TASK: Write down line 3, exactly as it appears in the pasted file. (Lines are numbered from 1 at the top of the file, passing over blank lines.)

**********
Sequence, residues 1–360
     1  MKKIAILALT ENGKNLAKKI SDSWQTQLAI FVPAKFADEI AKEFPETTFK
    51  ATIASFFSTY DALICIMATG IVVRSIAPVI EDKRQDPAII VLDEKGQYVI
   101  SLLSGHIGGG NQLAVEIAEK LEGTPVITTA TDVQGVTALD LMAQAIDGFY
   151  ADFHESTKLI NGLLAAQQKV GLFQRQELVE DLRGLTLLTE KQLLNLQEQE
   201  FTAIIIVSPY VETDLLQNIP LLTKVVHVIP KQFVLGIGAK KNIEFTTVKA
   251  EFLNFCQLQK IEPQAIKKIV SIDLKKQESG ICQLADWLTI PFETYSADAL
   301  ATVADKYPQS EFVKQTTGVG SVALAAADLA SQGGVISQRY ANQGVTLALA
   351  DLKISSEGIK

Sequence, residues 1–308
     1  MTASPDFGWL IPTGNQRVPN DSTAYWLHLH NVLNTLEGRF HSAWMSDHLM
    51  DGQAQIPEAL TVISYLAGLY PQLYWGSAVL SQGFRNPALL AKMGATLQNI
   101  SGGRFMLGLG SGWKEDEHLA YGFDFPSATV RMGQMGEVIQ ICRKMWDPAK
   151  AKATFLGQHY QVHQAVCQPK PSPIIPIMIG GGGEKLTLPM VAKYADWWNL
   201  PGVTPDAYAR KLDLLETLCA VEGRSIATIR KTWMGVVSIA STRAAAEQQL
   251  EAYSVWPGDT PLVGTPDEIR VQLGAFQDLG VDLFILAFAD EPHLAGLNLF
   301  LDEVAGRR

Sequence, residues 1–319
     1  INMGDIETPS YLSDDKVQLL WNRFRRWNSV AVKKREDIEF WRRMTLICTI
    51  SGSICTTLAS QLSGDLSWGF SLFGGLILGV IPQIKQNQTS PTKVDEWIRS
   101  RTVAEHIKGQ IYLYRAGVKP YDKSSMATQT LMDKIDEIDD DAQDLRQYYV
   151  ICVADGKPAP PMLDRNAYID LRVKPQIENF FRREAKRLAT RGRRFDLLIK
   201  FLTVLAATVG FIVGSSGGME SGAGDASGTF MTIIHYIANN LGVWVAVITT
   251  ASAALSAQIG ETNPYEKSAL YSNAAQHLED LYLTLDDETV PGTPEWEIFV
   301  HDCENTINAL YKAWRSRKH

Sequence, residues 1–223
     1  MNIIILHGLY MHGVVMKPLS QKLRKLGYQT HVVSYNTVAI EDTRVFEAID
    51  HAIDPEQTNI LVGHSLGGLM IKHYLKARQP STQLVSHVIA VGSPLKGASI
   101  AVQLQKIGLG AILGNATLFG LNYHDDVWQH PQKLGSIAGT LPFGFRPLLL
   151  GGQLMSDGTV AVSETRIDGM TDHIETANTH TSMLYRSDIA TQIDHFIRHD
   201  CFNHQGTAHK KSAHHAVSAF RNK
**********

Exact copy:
    51  ATIASFFSTY DALICIMATG IVVRSIAPVI EDKRQDPAII VLDEKGQYVI